“Right now Tesla has a high-class problem of demand outstripping supply with this issue now translating into ~5-6 month delays for Model Ys, some Model 3s in different parts of the globe,” Wedbush analyst Dan Ives wrote in a note. “The key to alleviating these issues is centered around the key Giga openings in Austin and Berlin which will alleviate the bottlenecks of production for Tesla globally.”
Just earlier this month, Tesla officially began delivering its first Texas-made vehicles from its new Austin Gigafactory. At Tesla’s “Cyber Rodeo” launch party on April 7, Musk said the facility was aiming to begin building the Tesla Cybertruck starting in 2023 and has targeted making 500,000 units of the Model Y per year.
The newly made U.S. Gigafactory is set to be pivotal in helping Tesla further ramp production and help meet demand domestically, especially given snarls internationally as Tesla’s Shanghai Gigafactory closed for weeks due to a COVID outbreak in the region.
“We believe by the end of 2022 Tesla will have the run rate capacity for overall ~2 million units annually from roughly 1 million today,” Ives added. “While the China zero COVID policy is causing shutdowns in Shanghai for Tesla (and others) and remains a worrying trend if it continues, seeing the forest through the trees with Austin and Berlin now live and ramping, Musk & Co. will continue to flex its distribution muscles in the EV landscape while many other automakers struggle to get things off the ground.”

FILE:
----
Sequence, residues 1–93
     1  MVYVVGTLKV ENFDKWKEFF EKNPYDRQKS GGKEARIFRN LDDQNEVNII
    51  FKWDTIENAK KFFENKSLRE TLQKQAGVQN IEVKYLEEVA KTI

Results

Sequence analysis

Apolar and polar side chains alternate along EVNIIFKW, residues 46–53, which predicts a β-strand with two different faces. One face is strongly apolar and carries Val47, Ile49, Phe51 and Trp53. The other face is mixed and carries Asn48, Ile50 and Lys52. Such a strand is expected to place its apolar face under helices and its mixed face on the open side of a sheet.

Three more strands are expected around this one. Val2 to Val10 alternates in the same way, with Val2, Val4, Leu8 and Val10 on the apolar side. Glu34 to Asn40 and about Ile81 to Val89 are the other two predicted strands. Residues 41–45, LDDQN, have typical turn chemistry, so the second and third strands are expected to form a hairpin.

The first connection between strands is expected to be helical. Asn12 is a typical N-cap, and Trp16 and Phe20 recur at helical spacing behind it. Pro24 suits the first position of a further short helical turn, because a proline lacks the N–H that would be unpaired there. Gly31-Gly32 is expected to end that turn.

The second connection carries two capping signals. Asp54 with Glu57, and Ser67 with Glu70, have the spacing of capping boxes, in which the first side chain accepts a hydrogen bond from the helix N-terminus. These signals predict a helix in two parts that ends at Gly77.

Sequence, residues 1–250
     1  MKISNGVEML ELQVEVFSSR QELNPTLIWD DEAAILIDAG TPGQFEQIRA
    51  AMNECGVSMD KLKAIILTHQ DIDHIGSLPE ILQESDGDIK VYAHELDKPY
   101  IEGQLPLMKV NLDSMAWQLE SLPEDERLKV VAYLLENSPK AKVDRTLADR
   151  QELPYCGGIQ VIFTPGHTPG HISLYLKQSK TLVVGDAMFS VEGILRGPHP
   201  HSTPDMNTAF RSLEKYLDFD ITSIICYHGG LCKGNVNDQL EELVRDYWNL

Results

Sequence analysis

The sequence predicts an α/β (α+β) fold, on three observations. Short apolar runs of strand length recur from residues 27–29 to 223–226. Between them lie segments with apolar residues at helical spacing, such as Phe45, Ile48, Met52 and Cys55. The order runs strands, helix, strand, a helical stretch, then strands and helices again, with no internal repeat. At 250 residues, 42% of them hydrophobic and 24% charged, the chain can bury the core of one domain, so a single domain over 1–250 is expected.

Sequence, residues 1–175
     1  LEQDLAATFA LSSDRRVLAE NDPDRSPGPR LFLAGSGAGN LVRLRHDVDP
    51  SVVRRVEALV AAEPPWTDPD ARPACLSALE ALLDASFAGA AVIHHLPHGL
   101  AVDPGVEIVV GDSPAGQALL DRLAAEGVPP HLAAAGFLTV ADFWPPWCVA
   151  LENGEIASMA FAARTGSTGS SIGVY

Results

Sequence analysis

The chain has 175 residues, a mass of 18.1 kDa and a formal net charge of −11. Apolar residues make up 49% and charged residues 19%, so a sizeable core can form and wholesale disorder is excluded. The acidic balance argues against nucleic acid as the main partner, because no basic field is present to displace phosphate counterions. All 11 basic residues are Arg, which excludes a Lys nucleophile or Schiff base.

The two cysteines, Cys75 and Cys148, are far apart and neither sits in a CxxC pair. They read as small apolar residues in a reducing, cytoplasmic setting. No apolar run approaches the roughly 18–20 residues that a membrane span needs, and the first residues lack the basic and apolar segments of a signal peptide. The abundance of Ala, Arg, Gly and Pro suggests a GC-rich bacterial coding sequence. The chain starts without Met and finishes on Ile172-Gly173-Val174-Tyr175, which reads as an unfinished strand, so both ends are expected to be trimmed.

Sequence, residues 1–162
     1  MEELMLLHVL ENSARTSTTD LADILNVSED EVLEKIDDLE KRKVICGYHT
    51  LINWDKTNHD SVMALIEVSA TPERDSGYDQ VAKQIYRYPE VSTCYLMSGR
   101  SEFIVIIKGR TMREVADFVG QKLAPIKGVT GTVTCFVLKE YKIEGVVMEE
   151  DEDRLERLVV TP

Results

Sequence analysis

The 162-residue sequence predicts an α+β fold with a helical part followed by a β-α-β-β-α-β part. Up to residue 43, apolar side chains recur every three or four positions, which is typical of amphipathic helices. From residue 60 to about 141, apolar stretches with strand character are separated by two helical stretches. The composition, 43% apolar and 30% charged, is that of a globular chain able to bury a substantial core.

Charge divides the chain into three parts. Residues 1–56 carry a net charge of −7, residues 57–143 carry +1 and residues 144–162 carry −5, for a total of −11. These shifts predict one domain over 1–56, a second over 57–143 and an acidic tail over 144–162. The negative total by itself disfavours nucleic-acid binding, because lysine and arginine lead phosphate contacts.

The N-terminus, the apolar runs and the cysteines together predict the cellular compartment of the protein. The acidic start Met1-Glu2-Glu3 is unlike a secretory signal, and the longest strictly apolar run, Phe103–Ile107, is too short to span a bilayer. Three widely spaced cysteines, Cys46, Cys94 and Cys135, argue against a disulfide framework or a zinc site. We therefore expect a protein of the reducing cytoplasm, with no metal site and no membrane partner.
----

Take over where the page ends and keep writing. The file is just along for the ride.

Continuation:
While Tesla shares have outperformed the S&P 500 for the year-to-date, the stock came under pressure on Thursday after Musk disclosed he made an offer to buy social media company Twitter (TWTR) for $54.20 per share, or about $43 billion in cash. Many have noted Musk would likely have to sell Tesla shares in order to finance the deal if it were to go through.
In Tesla’s first-quarter results, Wall Street is looking for the company to post adjusted earnings of $2.27 per share on revenue of $17.85 billion, representing sales growth of 65%.